The Sacrotuberous Ligament

The sacrotuberous ligament is an essential bridge between the upper and lower body

The sacrotuberous ligament is an essential bridge between the upper and lower body. I know that I probably abuse the category of “most important part of the body”, but the sacrotuberous ligament is worthy of inclusion in the club. It is majorly involved in standing, walking, running and possibly involved in a whole host of pain scenarios.

The sacrotuberous ligament connects the spine (sacro) to the pelvis (ischial tuberosities) and in most people the bottom of the ligament connects into the tendon of the biceps femoris, one of the hamstring muscles.

A very cool argument can be made that these ligaments indirectly connect the muscles of the entire back of the body. The bottom of the sacrotuberous ligament connects into the hamstrings via the biceps femoris. The top of the sacrotuberous ligament connects into thoracolumbar fascia that connects into the multifidus and erector spinea. The hamstrings extend down, the multifidus and erector spinea extend up and the ligaments connect them together.

 sacrotuberous ligament connects the upper and lower bodysacrobutberous ligament and multiifidus are connected through the htoracolumbar fasciasacrotuberous ligament and hamstring

The sacrotuberous ligament runs on either side of the body and plays an important role in our ability to stand and move. As part of the complex of ligaments that make up the sacroiliac joints the sacrotuberous ligament stabilizes the sacrum within the pelvis helping to bear weight when we are upright. Issues with hypermobility often involve laxity in these ligaments.

The stabilizing action of the sacrotuberous ligament plays a role in walking and running, aiding in the support required for transferring weight from foot to foot. When fully functional they also stabilize the pelvis against excessive anterior tilt, hip hiking and pelvic twisting.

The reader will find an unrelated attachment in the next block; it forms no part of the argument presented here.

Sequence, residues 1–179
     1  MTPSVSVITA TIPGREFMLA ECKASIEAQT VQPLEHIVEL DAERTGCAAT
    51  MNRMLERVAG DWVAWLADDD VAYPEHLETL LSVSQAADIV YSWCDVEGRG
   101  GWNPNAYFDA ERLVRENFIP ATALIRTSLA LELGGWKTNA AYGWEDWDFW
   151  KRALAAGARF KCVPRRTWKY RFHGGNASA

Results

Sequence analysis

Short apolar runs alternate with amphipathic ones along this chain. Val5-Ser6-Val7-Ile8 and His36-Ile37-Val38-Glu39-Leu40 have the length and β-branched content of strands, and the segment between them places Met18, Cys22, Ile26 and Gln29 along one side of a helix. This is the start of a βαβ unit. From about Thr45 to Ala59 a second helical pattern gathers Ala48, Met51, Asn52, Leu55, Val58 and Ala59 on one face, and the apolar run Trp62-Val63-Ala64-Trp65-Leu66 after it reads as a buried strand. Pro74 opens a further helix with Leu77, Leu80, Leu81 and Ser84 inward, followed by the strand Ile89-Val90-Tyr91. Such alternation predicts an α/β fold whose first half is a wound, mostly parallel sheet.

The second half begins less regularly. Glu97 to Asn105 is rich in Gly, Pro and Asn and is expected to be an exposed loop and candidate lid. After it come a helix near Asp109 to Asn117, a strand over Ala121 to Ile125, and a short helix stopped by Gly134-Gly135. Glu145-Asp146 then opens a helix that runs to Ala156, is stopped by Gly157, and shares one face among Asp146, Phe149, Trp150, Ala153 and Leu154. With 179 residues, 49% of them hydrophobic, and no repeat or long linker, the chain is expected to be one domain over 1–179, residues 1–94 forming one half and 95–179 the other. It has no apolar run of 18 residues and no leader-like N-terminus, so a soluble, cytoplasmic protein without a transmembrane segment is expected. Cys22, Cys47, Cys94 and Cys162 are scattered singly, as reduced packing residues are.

These incredibly important ligaments can also play a role in all sorts of back, pelvic and leg pain. The sacrotuberous ligament connects to the coccyx (tail bone) so it will likely involved with coccyx pain  . The nerves that innervate the peroneal muscles pass through or next to the sacrotuberous ligament so peroneal pain might be related as well.

Let’s not leave out one of my main interests—incontinence—as the muscles and fascia of the pelvic floor all connect into the sacrotuberous ligament.

There is also an interesting connection to be made between the sacrotuberous ligament and the twin issues of sciatica and piriformis syndrome. It is possible that dysfunction in one or both of the sacrotuberous ligaments play a role in causing these two problematic issues.

And if all of this isn’t enough I haven’t mentioned the misery of one sacrotuberous ligament being shorter or tighter than the other which brings leg length discrepancy, scoliosis and other twisted spine and pelvic issues into play.

So what do you think? Does the sacrotuberous ligament strike you as a ridiculously important piece of our anatomy? And if I had to guess I didn’t cover everything. But I will leave it there and if anyone has anything to add please weigh in.